Modi's Raksha Bandhan Call: Celebrating Communally Divisive Politics and Patriarchy - Sharmistha Choudhury

29 August 2015
Indefatigable in his drive to Hinduise society and create communal discord, the Prime Minister has urged ‘brothers’ across the country to observe Raksha Bandhan by presenting their sisters with life insurance schemes, the Pradhan Mantri Suraksha Bima Yojana (PMSBY) in particular.

This move is not only in keeping with the Hindutva agenda of imposing majoritarian cultural and religious hegemony on a diverse society, but also a nefarious device of propagating and entrenching those very patriarchal values in society that are today responsible for spiralling rates of crimes against women and women’s subjugation.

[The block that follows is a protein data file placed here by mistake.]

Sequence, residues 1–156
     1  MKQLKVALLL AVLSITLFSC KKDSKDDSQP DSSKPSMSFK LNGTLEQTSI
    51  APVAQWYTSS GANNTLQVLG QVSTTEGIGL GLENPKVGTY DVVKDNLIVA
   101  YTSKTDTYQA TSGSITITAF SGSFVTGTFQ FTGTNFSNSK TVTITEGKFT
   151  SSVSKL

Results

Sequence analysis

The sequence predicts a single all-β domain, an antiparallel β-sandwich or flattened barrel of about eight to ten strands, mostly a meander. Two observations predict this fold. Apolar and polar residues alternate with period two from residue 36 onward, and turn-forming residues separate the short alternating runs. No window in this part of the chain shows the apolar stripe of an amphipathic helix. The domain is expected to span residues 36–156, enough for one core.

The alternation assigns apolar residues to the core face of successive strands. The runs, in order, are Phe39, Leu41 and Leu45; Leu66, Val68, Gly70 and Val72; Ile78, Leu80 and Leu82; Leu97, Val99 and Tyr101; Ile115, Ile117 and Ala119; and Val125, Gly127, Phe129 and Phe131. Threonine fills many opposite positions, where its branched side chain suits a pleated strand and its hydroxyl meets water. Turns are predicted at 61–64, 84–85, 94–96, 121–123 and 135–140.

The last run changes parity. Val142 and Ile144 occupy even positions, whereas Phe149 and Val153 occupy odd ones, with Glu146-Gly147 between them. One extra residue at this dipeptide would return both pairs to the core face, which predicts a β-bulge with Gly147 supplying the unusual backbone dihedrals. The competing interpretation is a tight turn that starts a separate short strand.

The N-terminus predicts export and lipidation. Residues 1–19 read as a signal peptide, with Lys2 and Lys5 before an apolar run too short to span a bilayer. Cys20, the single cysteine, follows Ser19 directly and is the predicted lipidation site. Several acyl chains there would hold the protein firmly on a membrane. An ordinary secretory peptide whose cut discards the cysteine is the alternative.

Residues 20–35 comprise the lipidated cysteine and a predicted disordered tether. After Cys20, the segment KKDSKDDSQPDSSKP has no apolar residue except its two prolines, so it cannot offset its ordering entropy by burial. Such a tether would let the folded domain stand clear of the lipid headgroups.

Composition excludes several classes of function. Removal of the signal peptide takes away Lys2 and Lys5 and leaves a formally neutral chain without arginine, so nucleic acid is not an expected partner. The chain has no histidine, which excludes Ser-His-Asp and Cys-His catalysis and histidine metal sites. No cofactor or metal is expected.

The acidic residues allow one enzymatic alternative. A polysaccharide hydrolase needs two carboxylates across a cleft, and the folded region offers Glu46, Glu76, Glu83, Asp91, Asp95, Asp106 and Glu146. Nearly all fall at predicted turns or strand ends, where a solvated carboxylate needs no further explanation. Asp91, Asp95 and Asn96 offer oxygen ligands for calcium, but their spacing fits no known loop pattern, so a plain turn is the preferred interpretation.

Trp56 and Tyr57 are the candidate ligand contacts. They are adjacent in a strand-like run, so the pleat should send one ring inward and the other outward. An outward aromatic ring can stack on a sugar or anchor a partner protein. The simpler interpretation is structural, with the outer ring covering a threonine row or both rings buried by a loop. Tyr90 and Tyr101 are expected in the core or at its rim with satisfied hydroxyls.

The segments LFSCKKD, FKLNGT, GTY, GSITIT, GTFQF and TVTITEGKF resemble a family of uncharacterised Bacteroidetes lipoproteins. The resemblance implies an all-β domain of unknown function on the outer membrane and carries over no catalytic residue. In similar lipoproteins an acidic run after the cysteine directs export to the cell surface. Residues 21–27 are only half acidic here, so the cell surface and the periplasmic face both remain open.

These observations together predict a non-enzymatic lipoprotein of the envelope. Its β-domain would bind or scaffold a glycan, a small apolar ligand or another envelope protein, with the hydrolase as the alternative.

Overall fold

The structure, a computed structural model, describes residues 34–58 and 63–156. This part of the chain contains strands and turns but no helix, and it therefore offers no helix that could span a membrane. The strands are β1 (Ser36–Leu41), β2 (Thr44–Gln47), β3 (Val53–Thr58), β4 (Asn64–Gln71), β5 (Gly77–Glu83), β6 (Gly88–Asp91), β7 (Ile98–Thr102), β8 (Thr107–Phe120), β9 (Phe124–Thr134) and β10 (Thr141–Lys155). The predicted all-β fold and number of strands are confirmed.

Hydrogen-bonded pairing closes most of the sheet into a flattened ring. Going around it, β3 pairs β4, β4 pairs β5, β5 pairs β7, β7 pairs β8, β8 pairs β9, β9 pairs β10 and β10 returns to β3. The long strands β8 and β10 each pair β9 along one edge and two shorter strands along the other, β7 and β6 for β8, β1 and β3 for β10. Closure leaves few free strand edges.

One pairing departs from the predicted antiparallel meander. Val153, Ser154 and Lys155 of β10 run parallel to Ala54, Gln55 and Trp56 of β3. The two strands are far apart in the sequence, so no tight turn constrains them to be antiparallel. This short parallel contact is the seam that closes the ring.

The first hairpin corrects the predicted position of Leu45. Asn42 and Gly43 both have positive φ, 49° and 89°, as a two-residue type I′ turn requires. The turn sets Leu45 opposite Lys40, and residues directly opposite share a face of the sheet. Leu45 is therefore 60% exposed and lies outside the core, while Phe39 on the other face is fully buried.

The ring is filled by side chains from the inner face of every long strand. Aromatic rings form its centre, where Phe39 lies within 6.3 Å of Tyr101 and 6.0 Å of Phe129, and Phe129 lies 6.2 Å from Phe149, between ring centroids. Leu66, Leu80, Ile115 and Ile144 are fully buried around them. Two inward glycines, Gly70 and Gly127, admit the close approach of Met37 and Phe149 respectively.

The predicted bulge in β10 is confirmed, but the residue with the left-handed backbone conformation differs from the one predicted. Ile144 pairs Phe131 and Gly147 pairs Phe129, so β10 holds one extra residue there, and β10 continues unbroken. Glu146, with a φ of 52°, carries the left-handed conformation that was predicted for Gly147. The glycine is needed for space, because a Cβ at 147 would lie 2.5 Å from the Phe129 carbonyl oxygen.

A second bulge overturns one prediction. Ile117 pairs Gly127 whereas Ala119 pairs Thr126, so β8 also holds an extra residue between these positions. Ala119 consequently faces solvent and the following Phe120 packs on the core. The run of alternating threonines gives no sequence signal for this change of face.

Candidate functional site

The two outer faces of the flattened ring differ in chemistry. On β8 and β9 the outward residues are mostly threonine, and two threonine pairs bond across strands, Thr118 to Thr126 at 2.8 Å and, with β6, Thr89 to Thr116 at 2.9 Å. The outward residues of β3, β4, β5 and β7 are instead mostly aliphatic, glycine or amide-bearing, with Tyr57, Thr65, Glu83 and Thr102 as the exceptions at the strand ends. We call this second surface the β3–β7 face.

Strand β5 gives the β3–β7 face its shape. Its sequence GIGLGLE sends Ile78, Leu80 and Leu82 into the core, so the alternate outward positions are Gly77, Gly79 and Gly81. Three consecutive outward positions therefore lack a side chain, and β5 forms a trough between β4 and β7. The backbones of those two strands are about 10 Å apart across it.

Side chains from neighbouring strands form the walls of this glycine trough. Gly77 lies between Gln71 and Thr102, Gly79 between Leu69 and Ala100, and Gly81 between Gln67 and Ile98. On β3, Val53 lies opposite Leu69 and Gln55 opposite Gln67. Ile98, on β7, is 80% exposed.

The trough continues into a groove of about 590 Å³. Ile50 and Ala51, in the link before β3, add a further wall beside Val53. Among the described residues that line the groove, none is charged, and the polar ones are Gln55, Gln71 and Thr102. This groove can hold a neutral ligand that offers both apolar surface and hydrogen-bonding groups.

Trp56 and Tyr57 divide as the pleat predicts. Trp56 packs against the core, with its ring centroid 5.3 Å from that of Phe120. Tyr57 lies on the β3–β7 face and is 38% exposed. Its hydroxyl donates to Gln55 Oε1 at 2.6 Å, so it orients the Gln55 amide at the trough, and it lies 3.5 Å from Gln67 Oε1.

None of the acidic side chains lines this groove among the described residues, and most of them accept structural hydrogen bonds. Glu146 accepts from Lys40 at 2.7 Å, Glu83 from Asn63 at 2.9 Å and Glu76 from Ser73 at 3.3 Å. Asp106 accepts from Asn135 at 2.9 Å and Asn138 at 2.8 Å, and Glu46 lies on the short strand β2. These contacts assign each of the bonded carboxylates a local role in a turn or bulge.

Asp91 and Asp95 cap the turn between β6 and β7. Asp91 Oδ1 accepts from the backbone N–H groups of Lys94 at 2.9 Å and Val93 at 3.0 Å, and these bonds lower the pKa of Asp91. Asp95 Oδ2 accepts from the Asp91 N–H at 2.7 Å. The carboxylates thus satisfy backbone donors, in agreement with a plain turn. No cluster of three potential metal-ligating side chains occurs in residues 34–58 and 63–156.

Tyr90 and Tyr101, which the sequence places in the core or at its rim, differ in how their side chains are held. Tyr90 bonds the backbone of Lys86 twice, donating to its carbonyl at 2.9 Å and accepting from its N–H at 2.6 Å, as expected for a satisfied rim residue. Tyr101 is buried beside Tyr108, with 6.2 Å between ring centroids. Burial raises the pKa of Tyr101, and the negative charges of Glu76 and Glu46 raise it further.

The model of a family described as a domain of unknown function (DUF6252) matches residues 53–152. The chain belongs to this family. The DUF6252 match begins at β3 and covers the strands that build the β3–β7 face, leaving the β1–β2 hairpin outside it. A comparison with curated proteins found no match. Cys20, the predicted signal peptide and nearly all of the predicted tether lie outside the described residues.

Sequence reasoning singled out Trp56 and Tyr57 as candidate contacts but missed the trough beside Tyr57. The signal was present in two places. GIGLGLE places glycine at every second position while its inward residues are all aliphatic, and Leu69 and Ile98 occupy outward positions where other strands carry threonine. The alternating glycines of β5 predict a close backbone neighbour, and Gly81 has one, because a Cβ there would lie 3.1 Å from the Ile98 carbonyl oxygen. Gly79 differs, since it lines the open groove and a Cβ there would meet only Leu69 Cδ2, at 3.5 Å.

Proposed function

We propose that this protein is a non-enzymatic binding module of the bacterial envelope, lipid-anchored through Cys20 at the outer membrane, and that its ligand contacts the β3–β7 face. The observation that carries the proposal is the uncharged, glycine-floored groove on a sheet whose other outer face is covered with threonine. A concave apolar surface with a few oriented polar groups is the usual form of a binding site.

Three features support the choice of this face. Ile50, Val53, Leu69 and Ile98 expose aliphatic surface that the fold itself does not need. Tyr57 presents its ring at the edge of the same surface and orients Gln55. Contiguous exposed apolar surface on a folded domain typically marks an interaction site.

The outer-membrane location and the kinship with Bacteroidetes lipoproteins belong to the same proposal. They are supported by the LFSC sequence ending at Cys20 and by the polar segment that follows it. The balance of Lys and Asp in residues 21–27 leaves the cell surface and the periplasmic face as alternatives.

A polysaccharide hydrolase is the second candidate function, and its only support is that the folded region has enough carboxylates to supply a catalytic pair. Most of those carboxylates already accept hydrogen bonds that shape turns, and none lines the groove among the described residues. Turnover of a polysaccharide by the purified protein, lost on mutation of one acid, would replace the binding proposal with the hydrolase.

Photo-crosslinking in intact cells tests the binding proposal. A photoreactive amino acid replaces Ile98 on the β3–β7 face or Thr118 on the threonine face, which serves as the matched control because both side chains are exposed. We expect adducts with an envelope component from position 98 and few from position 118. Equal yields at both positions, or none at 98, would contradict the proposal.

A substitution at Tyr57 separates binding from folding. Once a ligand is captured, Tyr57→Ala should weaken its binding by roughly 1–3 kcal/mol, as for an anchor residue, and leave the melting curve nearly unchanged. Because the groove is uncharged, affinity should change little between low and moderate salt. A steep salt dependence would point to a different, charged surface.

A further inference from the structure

It has been reported that the Prime Minister Narendra Modi will impart a personal touch to Raksha Bandhan celebrations in his constituency, Varanasi. While the BJP has embarked upon a campaign to urge people to gift their sisters the PM Suraksha Bima Yojana on the occasion, the prime minister will lead the campaign by example. According to BJP national general secretary Anil Jain, as many as 51,000 women and girls will receive the prime minister’s gift of the insurance scheme in Varanasi. Modi will send a personal letter to all these ‘sisters’, which reads: “I am happy that you are joining a relationship of security... I had ideated to gift the insurance scheme in my Mann Ki Baat...I am confident that the Pradhan Mantri Bima Suraksha Yojana will add new dimensions of security to the lives of mothers and sisters.”